Pedosphere 32(3): 452--462, 2022
ISSN 1002-0160/CN 32-1315/P
©2022 Soil Science Society of China
Published by Elsevier B.V. and Science Press
CO2 emission and source partitioning from carbonate and non-carbonate soils during incubation
Yi ZHAO1,2, Roland BOL2, Zhaoan SUN3, Yuping ZHUGE4, Xiaoxia SHI1,5, Wenliang WU1, Fanqiao MENG1
1Beijing Key Laboratory of Biodiversity and Organic Farming, College of Resources and Environmental Sciences, China Agricultural University, Beijing 100193(China)
2Institute of Bio-and Geosciences, Agrosphere(IBG-3), Forschungszentrum Jülich GmbH, Jülich 52425(Germany)
3Key Laboratory of Biology and Molecular Biology in University of Shandong, College of Biological and Agricultural Engineering, Weifang University, Weifang 261061(China)
4National Engineering Laboratory for Efficient Utilization of Soil and Fertilizer Resources, College of Resources and Environment, Shandong Agricultural University, Tai'an 271018(China)
5SinoCarbon Innovation&Investment Jiangsu Co., Ltd. (SCII), Nanjing 210046(China)
      The accurate quantification and source partitioning of CO2 emitted from carbonate (i.e., Haplustalf) and non-carbonate (i.e., Hapludult) soils are critically important for understanding terrestrial carbon (C) cycling. The two main methods to capture CO2 released from soils are the alkali trap method and the direct gas sampling method. A 25-d laboratory incubation experiment was conducted to compare the efficacies of these two methods to analyze CO2 emissions from the non-carbonate and carbonate-rich soils. An isotopic fraction was introduced into the calculations to determine the impacts on partitioning of the sources of CO2 into soil organic carbon (SOC) and soil inorganic carbon (SIC) and into C3 and/or C4 plant-derived SOC. The results indicated that CO2 emissions from the non-carbonate soil measured using the alkali trap and gas sampling methods were not significantly different. For the carbonate-rich soil, the CO2 emission measured using the alkali trap method was significantly higher than that measured using the gas sampling method from the 14th day of incubation onwards. Although SOC and SIC each accounted for about 50% of total soil C in the carbonate-rich soil, SOC decomposition contributed 57%–72% of the total CO2 emitted. For both non-carbonate and carbonate-rich soils, the SOC derived from C4 plants decomposed faster than that originated from C3 plants. We propose that for carbonate soil, CO2 emission may be overestimated using the alkali trap method because of decreasing CO2 pressure within the incubation jar, but underestimated using the direct gas sampling method. The gas sampling interval and ambient air may be important sources of error, and steps should be taken to mitigate errors related to these factors in soil incubation and CO2 quantification studies.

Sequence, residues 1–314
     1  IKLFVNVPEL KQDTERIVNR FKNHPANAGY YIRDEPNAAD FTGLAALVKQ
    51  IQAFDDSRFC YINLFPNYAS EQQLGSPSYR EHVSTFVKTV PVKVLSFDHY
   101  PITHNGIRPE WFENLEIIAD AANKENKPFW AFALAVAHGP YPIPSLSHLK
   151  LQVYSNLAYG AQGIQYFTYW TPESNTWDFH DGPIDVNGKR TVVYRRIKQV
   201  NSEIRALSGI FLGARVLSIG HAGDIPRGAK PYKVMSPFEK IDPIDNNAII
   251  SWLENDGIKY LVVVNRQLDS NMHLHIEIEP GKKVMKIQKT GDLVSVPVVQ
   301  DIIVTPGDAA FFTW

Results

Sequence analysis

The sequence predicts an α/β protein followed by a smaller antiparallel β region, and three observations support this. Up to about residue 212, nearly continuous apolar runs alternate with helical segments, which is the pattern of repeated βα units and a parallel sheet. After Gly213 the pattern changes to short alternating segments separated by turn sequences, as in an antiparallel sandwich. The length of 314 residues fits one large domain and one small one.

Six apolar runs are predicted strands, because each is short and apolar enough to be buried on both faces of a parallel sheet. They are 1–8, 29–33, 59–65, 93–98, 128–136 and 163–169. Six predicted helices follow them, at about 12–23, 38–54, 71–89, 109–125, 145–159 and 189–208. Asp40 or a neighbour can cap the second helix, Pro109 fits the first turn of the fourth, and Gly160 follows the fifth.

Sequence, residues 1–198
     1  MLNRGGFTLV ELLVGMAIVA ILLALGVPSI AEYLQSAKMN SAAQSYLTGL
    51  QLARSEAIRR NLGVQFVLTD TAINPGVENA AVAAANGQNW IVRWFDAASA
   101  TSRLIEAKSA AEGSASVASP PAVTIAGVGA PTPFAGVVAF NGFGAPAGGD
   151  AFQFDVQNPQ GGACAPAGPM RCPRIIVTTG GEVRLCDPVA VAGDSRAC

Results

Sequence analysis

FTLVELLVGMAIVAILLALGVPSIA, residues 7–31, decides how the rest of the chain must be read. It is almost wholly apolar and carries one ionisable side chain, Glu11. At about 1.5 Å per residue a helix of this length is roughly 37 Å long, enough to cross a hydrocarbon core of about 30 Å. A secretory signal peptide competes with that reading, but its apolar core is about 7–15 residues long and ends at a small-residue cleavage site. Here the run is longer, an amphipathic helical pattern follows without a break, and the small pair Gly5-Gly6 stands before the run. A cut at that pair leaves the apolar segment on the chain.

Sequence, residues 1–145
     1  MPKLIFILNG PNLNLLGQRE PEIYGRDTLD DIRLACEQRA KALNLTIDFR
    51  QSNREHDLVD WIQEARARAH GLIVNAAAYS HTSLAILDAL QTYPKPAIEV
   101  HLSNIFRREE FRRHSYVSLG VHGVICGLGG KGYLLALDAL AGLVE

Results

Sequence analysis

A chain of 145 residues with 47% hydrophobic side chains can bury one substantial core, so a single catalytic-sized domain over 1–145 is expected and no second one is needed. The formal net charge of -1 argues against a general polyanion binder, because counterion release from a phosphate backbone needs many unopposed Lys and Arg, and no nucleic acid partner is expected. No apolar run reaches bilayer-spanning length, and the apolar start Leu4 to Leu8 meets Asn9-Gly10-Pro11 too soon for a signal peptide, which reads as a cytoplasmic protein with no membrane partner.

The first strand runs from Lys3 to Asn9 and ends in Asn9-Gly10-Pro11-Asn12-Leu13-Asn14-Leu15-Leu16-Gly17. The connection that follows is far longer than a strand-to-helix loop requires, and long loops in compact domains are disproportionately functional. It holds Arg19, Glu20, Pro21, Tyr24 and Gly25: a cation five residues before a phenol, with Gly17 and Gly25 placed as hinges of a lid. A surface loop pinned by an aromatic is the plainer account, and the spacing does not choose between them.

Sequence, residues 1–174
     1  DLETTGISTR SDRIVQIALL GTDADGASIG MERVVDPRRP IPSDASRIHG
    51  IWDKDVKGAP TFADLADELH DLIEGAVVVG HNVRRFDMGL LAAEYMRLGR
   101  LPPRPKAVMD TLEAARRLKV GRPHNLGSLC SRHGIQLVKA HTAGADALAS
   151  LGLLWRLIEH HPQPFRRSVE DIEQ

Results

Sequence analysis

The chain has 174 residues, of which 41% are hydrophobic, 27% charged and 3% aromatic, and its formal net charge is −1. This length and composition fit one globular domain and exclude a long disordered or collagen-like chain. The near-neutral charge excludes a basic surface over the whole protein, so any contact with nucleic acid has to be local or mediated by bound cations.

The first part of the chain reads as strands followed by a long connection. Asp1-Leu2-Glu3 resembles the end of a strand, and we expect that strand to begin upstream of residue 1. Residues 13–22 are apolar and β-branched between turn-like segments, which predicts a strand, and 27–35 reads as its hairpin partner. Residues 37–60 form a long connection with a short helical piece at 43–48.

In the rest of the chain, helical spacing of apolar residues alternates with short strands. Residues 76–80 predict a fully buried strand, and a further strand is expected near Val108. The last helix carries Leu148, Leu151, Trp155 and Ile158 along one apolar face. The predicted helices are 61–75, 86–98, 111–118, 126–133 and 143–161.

Key Words:  alkali trap,C3/C4 plant,inorganic carbon stock,isotope fractionation,organic carbon stock
Citation: Zhao Y, Bol R, Sun Z A, Zhuge Y P, Shi X X, Wu W L, Meng F Q. 2022. CO2 emission and source partitioning from carbonate and non-carbonate soils during incubation. Pedosphere. 32(3): 452–462.
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